ACCESS

Partnership objectives

  1. Understand and improve factors influencing access to health care services, especially effective malaria treatment and care in Tanzania.
  2. Improve overall access to quality healthcare in four rural districts in Tanzania.

ACCESS project in Tanzania improves access to malaria treatment in a comprehensive way – e.g. by improving the quality of care à ACCESS ACCESS project in Tanzania improves access to malaria treatment in a comprehensive way – e.g. by improving the quality of care à ACCESS Copyright Novartis Foundation for Sustainable Development

What are the health needs and challenges?

Access to healthcare and medicines, such as artemisinin-based combination therapy (ACTs) for treatment of malaria, remains a challenge for many people in developing countries such as Tanzania.

Availability and affordability of safe and efficacious medicines are crucial factors impacting access, which in turn affects the ability to combat diseases, as well as child and maternal mortality.

Description of partnership activities and how they address needs and challenges

The Novartis Foundation for Sustainable Development uses an access to healthcare framework, defining the degree to which a patient’s resources, needs and expectations (demand) are aligned with a healthcare system’s services and providers (supply). Access to healthcare can only be sustainable if the local healthcare system and services are aligned with well-informed demand. Based on this framework, ACCESS developed five interventions to improve access in a comprehensive way:

  • Assessing the quality of health services in health facilities and training health workers
  • Introducing the Rapid Diagnostic Test for malaria
  • Implementing social marketing campaigns to optimise appropriate demand for effective malaria treatment
  • Supporting women’s saving groups to empower women and improve their financial means, including for access to healthcare
  • Supporting Community Health Funds (CHF) to achieve better healthcare access and financial protection of the population.

ACCESS worked to make the quality assessment approach (currently paper-based) more manageable, viable and more efficient in terms of time, financial and human resources, and eventually to be scalable. To do this the Novartis Foundation collaborated with Vodafone in 2011 to develop an ICT-based version of the paper-based assessment tool called e-TIQH (electronic Tool to Improve the Quality of Healthcare).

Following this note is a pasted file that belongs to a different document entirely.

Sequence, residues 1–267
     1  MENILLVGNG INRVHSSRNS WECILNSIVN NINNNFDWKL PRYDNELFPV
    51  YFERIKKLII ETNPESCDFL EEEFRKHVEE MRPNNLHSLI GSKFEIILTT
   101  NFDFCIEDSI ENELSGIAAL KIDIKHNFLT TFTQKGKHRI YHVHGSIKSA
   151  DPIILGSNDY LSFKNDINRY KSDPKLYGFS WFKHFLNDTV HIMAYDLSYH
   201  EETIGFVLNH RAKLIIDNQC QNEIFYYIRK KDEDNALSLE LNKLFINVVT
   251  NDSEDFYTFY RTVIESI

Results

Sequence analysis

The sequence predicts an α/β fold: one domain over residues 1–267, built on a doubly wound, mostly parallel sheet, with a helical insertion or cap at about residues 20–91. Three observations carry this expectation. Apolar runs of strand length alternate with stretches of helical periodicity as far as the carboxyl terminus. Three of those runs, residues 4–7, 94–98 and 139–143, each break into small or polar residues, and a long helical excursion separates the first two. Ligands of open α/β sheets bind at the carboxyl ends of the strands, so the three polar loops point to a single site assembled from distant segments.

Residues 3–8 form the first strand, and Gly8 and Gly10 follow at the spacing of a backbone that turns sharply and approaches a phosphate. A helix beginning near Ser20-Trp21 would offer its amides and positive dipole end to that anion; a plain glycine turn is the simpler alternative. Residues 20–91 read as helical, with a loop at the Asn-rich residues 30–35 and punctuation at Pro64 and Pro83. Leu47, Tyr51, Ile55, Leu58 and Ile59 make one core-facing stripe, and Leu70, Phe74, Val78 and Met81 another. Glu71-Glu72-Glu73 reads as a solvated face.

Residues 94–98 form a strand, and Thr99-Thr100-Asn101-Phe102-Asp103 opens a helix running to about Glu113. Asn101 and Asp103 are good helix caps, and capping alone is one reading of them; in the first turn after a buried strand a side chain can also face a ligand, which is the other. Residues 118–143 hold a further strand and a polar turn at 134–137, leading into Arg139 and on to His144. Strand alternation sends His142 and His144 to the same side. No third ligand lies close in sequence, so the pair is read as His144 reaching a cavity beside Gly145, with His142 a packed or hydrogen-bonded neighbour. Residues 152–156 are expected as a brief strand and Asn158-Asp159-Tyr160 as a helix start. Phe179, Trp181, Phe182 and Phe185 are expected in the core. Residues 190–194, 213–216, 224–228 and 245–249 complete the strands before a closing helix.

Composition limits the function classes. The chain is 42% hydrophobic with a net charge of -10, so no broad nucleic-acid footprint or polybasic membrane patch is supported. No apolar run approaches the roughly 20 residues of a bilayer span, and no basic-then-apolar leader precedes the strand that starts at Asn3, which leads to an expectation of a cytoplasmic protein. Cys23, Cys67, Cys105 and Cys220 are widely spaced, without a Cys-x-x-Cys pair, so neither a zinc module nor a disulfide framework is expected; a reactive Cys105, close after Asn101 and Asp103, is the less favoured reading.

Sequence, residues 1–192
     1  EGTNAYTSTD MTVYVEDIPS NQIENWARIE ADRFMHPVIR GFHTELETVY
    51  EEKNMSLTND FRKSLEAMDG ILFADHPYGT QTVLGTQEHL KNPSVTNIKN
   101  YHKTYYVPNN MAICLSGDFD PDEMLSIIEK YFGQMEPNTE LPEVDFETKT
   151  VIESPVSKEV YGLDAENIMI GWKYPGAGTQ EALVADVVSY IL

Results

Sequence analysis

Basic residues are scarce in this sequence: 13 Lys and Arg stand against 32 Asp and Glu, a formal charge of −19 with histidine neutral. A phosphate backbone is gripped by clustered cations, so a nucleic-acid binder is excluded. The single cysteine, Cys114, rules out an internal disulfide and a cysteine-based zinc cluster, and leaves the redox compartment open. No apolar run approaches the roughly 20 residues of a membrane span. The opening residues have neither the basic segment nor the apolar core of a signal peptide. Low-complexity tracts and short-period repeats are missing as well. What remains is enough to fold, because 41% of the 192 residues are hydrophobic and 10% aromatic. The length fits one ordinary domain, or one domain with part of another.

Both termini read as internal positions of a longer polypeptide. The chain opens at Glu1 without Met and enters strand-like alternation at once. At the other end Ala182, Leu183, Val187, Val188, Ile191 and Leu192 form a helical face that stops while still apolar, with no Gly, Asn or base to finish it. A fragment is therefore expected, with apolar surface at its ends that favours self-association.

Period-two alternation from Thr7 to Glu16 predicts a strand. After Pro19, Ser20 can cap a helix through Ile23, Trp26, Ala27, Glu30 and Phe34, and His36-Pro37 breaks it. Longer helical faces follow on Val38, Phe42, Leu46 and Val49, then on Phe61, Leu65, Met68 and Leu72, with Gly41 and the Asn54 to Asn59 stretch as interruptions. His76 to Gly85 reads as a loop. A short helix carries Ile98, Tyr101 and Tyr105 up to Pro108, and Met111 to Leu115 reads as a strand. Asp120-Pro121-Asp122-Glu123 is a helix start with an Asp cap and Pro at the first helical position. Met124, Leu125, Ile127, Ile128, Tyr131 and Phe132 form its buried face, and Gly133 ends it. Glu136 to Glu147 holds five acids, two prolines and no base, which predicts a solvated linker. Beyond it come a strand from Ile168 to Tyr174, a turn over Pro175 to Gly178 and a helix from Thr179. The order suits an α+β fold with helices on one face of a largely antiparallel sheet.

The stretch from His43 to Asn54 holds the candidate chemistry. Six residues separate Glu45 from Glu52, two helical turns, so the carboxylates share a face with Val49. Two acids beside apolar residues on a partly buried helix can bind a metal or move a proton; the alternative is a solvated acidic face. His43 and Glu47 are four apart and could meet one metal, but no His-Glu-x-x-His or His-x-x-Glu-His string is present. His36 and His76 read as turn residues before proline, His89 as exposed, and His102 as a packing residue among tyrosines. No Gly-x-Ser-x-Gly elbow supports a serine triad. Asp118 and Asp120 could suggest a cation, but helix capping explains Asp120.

Lessons learned

Supportive supervision is the single most influential factor on the final outcome of the program. The comprehensive access framework of activities operating integrated to the targeted malaria approach is also an essential element of the success of ACCESS.      

Summary of impact through December 2013 and forward looking information

ACESS I ran from 2003-2007; ACCESS II from 2008 to 2011.

From 2004 to 2008, results show that the proportion of investigated fever cases treated with a recommended antimalarial within 24 hours increased from 66% to 89%, indicating earlier treatment-seeking behavior. The proportion of investigated fever cases treated with a recommended antimalarial within 24 hours in the correct dosage also improved from 43% to 63%.

Child mortality rates decreased by 42.5% from 14.6 c/1000py in 1997 to 8.4 c/1000py in 2009. All malaria control interventions, inclusive of the ACCESS program, were associated with decreases in child mortality.  (S.Alba et al., Int. J. Epidemiol.)

To ensure sustainability beyond ACCESS II, the team is working on integrating project components into district health plans, e.g. funds for conducting regular assessments of health services and for rewarding performance of health workers. Furthermore, the m-health-based performance assessment tool will facilitate effective supportive supervision managed by the district authorities. 

Visit the successor project, ISAQH, click here

Videos

Fighting Malaria in Tanzania

Partnership information

Company(ies) Novartis

Partner(s) Ifakara Health Institute, Swiss Tropical and Public Health Institute (Swiss TPH)

Type of Partner(s) Academia / Hospitals

Therapeutic Focus Infectious Diseases, Women and Children's Health

Disease(s) Children's Health, Malaria

Program Type(s) Availability of Treatment - Differential Pricing, Availability of Treatment - Product Donations, Health System Infrastructure - Training, Prevention Programs - Awareness & Outreach

Targeted Population(s) Children, Marginalised / Indigenous People, Men, Patients in needs of treatment, People with low income, Women

Region(s) Sub-Saharan Africa

Number of Countries 1

Country(ies) Tanzania

Start Date 2003

More information ACCESS project

Completed date 2012